In this Aug. 19, 2009 file photo, children run down Lombard Street in San Francisco, transformed for the day into a gigantic Candy Land board game to commemorate the game's 60th anniversary. (Photo: AP)
Thousands of tourists could soon have to pay as much as $10 to drive down world-famous Lombard Street in San Francisco.
City and state officials on Monday announced a bill that would give San Francisco the authority to establish a toll and reservation system for the street that winds down a steep hill, in an effort to reduce crowds and traffic congestion.
“We must implement a system that enables both residents and visitors to enjoy the ‘Crookedest Street in the World,’” said Assemblyman Phil Ting, a San Francisco Democrat who authored the legislation.
Residents say the scenic thoroughfare feels more like an overcrowded amusement park than a neighborhood street. They have been calling for years for officials to address the traffic jams, trash and trespassing by visitors.
In the summer months, an estimated 6,000 people a day visit the 600-foot-long (183-meter) street, creating lines of cars that stretch for blocks, clogging the Russian Hill neighborhood.
“The cars really impact the neighborhood because they line up, they back up, they are sitting idling,” said Greg Brundage, president of the Lombard Hill Improvement Association.
San Francisco transportation officials have proposed requiring visitors to make a reservation online and pay $5 for each vehicle. Another plan calls for online reservations and a $10 charge on weekends and holidays.
The city needs state approval to charge people to use a public road but it would be up to city officials to determine how and what to charge and how to use the funds. The new toll system is not expected to be in place before 2020, officials said.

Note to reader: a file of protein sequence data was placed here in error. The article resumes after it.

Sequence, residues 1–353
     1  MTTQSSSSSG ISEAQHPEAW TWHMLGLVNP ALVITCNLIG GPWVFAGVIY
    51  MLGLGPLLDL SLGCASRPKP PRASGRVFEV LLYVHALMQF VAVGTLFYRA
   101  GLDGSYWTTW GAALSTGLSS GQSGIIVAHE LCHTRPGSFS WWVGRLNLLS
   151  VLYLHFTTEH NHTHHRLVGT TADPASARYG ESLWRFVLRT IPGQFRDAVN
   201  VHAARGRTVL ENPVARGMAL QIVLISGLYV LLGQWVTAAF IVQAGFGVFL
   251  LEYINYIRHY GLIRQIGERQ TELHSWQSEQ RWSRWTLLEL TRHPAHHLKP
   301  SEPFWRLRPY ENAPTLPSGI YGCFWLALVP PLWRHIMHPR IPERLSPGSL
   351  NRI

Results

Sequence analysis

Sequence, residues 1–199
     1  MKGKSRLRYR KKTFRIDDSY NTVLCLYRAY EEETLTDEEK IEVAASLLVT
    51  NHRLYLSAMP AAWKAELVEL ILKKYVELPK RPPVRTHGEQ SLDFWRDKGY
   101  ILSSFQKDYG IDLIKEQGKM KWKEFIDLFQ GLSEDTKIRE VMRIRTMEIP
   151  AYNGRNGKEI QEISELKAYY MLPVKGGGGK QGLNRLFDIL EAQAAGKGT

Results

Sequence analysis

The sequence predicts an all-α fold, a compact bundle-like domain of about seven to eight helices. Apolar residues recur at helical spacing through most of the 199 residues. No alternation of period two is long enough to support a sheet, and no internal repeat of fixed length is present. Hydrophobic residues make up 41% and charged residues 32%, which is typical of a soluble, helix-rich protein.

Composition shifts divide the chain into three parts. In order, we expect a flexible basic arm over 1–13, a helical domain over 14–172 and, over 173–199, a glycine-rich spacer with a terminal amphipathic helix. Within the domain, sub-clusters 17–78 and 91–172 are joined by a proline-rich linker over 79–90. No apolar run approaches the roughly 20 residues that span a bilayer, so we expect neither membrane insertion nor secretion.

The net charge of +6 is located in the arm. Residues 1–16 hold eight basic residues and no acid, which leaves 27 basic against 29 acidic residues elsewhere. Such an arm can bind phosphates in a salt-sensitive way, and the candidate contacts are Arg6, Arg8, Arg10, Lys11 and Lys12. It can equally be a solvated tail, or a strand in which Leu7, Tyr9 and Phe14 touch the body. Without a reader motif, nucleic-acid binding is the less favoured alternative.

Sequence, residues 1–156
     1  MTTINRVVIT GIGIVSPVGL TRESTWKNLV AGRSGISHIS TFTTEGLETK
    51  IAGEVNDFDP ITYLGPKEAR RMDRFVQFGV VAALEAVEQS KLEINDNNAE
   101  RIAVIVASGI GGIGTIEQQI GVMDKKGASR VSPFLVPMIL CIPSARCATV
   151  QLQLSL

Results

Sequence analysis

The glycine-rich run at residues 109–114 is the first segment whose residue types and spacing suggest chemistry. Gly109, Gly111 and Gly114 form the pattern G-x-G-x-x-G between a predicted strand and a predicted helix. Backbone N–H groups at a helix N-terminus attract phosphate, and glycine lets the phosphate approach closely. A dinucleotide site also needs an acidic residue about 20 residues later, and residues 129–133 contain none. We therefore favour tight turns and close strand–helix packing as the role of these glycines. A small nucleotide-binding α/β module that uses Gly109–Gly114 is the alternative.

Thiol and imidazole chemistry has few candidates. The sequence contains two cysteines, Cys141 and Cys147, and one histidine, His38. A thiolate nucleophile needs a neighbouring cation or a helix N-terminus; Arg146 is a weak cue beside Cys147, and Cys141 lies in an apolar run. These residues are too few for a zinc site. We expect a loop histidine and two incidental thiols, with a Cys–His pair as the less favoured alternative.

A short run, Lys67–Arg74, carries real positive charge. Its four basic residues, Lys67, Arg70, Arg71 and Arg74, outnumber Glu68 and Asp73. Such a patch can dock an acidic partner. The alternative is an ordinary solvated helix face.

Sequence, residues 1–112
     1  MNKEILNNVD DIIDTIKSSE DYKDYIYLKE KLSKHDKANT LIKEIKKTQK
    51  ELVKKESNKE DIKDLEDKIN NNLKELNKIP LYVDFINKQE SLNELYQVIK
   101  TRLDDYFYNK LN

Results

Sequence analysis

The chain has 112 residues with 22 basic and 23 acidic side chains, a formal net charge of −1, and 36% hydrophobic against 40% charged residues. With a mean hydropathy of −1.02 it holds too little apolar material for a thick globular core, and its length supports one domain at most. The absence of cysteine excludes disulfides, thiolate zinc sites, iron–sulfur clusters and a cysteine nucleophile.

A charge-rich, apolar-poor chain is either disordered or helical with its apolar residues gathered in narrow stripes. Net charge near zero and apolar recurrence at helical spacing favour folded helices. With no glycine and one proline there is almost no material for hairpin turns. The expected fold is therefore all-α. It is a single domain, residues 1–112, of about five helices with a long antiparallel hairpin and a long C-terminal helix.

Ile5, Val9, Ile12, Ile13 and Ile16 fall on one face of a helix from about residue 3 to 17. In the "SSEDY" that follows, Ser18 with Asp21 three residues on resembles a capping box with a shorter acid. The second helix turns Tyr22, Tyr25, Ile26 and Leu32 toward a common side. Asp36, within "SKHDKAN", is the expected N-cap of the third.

Supervisor Catherine Stefani said the fee would help sustain the reservations system and help pay for more traffic control officers, more police patrols in the area and tourism ambassadors who would make sure visitors have a good experience.
“It’s a pilot program but it’s something we must try to address the traffic congestion,” Stefani said.
Vida Bhatt, a tourist from Melbourne, Australia, said she and her family drove down the crooked street, parked their car, then decided to go back and explore the thoroughfare on foot.
“It’s so beautiful! I haven’t seen anything like this anywhere else in the world,” Bhatt said.
Bhatt said she would happily pay to have the experience of driving down Lombard Street.
“This is one of the top attractions in San Francisco and I’m coming from so far in the world, I would pay and make sure I got to see it,” she said.
Residents built the hairpin turns on the red brick road in 1922 because its 27-degree grade was too steep for the era’s cars to climb. Neighbors added lush gardens filled with hydrangeas and roses 30 years later.
The sweeping views and the fact that a cable car stops at the top of the street contributed to its popularity. Its worldwide fame only increased after it was featured in movies and commercials.
Brundage, who has lived on the street for 22 years, said dealing with the traffic jams is half the problem. He also would like to see something done about the buses that drop off tourists but is glad to see some progress on addressing the situation.
“This is a pilot program but we’re really excited this day has come,” he said.